In early July, a recording with the works of two contemporaries who lived in different countries – England and Sweden – was released. Under the baton of Neeme Järvi, ENSO, and violin soloist Triin Ruubel-Lilleberg, who has been the concertmaster of ENSO since 2015, recorded the famous Violin Concerto by Edward Elgar and Two Sentimental Romances by Wilhelm Stenhammar for the American record company Sorel Classics.
‘Elgar’s Violin Concerto is so epic in its dimensions and density of content. The drama and depth of this concerto are beautifully highlighted by ENSO’s diverse sound palette. It was fascinating to discover this wonderful musical score during the recording with my dear colleagues from ENSO (ERSO) and maestro Neeme Järvi,’ said Triin Ruubel-Lilleberg. ‘Neeme Järvi can find exceptionally beautiful nuances in music,’ the soloist added.
Both Edward Elgar (1857–1934) and Wilhelm Stenhammar (1871–1927) were renowned composers and musicians in their home country: Stenhammar in Sweden and Elgar in England. In the annotation of the record, musicologist Evelin Kõrvits writes the following about Elgar’s Violin Concerto, which he composed in 1910: ‘Elgar’s Violin Concerto in B minor pays proper respect to the traditions of the classical concerto. /…/ The author marks the soloist’s entry with the notation nobilmente (‘with grandeur’), a term invented by Elgar, which he used repeatedly in his work. /…/ Of the final section of the violin part, Elgar has said, ‘This is where two souls merge and melt into one another.’ The soloist’s chance to shine comes in the third part, in the centre of which is a colourful cadence, accompanied by the orchestra – Elgar’s most novel and beautiful creation – which, according to the composer, ‘sings of memories and hope’.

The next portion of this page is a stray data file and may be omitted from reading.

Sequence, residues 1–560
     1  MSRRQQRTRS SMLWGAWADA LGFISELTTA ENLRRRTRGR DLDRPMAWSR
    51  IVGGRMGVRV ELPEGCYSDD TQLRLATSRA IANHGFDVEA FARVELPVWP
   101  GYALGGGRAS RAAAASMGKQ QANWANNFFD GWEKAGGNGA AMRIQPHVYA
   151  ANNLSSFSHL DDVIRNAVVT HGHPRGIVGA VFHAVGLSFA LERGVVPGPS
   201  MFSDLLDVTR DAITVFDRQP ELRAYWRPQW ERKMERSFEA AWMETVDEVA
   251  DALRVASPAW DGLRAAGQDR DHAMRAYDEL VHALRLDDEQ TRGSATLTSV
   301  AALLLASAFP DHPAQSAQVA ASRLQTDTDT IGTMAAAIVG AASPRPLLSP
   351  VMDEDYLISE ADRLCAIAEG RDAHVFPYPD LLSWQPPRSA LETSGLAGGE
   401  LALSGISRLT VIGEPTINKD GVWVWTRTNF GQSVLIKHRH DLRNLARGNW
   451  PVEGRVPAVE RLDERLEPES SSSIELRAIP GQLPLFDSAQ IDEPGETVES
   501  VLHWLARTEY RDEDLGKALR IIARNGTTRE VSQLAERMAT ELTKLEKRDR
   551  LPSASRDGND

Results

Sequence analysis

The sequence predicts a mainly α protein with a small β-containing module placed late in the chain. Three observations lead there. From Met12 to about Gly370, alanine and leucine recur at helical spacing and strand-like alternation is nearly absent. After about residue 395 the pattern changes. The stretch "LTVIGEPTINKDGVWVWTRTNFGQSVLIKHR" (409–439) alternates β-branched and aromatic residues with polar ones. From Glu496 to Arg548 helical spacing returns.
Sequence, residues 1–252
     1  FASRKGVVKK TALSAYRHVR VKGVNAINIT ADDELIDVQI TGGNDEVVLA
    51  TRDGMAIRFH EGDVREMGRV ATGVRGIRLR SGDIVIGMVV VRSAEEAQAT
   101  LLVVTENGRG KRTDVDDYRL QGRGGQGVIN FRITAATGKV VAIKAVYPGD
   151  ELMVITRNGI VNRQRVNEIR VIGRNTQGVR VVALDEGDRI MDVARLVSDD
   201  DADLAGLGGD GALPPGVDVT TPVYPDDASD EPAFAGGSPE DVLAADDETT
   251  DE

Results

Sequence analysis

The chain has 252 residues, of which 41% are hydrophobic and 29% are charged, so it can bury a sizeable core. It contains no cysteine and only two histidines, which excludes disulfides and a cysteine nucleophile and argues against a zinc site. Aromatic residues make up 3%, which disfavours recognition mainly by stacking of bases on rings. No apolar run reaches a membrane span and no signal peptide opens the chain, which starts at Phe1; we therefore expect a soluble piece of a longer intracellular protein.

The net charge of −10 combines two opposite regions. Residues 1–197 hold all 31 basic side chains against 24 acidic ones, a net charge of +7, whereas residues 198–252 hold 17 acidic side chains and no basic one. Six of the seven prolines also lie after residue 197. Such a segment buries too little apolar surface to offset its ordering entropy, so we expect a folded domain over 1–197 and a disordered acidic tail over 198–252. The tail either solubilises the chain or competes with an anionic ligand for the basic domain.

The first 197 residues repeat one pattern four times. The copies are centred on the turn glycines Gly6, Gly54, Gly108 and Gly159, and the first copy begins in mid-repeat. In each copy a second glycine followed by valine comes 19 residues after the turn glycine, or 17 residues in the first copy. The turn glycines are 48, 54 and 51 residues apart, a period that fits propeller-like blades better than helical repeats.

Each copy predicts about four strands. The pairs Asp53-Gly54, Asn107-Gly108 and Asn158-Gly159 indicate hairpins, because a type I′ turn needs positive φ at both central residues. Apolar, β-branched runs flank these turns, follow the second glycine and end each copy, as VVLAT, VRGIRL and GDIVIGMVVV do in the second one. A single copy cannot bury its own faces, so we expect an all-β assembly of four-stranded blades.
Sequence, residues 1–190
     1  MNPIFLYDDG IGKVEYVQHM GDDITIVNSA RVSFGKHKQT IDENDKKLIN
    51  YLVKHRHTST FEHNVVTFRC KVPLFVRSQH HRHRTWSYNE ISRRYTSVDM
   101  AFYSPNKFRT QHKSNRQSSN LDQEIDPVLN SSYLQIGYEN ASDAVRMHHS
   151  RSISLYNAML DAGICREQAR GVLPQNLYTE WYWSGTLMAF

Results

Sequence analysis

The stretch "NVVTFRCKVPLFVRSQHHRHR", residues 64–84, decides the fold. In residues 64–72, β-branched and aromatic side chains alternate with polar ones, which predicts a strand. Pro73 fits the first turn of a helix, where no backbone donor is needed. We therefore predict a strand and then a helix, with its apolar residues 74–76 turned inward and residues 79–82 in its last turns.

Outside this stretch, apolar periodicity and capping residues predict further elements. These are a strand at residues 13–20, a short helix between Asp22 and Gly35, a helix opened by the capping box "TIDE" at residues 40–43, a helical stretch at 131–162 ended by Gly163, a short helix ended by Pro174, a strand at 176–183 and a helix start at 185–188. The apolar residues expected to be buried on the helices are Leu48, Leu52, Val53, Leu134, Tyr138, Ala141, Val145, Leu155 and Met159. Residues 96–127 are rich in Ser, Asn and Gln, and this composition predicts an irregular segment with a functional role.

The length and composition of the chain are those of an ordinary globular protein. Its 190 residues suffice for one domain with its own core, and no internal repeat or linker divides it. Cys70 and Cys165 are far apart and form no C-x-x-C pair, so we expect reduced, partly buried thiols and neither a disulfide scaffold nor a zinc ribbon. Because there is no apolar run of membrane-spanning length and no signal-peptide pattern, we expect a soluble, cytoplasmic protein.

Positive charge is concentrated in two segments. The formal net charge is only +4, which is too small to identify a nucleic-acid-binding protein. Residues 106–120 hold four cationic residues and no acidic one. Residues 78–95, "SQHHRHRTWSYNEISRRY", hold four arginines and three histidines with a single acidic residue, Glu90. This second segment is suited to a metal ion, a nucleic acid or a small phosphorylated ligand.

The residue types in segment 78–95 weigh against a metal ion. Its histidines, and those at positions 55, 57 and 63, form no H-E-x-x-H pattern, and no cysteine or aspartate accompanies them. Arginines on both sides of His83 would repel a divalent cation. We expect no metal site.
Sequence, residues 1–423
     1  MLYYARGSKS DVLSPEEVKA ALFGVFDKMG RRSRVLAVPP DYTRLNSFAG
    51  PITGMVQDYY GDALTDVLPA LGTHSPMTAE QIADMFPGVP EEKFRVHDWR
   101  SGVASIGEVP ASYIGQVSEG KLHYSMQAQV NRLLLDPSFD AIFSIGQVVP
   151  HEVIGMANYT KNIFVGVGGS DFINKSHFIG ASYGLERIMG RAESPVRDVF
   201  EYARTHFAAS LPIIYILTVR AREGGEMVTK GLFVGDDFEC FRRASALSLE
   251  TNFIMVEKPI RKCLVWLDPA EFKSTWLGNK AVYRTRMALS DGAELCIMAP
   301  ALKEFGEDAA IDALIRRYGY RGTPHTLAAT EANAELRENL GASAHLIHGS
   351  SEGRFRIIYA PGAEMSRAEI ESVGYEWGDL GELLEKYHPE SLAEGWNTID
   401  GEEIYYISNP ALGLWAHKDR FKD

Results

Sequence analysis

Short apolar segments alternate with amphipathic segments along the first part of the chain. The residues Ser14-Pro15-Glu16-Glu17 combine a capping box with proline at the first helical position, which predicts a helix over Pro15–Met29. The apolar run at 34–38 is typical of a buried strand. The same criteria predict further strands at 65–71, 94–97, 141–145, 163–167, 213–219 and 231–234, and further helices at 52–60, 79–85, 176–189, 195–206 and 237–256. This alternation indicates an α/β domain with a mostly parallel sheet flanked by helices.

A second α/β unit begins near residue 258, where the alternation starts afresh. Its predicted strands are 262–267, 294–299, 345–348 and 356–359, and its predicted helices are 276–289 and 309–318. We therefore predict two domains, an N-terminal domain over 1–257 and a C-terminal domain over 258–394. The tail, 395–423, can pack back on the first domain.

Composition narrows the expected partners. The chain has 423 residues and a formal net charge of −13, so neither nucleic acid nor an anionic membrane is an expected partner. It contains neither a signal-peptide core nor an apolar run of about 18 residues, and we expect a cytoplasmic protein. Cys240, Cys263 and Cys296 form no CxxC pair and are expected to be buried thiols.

Triin Ruubel-Lilleberg introduces Wilhelm Stenhammar to the audience as a pianist and composer who, like Elgar, was self-taught. ‘Stenhammar’s Two Sentimental Romances were composed in the same year as Elgar’s Violin Concerto. Stenhammar’s romances are not sentimental merely in the sweet key we know today. There is also more emotional diversity in this early twentieth-century Swedish sentimentality – from bright blissfulness to dark tempestuousness,’ Triin Ruubel-Lilleberg commented.
Triin Ruubel-Lilleberg also played as a soloist on Kapp. Lüdig. Lemba, a recording of Estonian music for the British record company Chandos which was released this spring. Neeme Järvi also conducts ENSO on this record, and the second soloist is pianist Mihkel Poll.